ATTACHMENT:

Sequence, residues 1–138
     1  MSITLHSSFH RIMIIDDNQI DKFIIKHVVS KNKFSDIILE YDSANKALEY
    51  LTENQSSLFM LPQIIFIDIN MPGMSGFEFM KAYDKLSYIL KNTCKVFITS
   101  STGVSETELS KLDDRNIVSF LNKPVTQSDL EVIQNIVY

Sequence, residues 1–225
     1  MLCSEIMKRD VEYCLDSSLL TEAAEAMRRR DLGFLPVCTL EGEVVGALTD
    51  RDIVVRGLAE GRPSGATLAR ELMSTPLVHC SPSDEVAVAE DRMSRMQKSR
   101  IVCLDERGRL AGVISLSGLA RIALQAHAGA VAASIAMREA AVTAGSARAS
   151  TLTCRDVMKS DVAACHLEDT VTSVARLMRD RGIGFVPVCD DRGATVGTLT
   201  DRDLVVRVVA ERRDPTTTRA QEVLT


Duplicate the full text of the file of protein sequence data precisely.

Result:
Sequence, residues 1–138
     1  MSITLHSSFH RIMIIDDNQI DKFIIKHVVS KNKFSDIILE YDSANKALEY
    51  LTENQSSLFM LPQIIFIDIN MPGMSGFEFM KAYDKLSYIL KNTCKVFITS
   101  STGVSETELS KLDDRNIVSF LNKPVTQSDL EVIQNIVY

Sequence, residues 1–225
     1  MLCSEIMKRD VEYCLDSSLL TEAAEAMRRR DLGFLPVCTL EGEVVGALTD
    51  RDIVVRGLAE GRPSGATLAR ELMSTPLVHC SPSDEVAVAE DRMSRMQKSR
   101  IVCLDERGRL AGVISLSGLA RIALQAHAGA VAASIAMREA AVTAGSARAS
   151  TLTCRDVMKS DVAACHLEDT VTSVARLMRD RGIGFVPVCD DRGATVGTLT
   201  DRDLVVRVVA ERRDPTTTRA QEVLT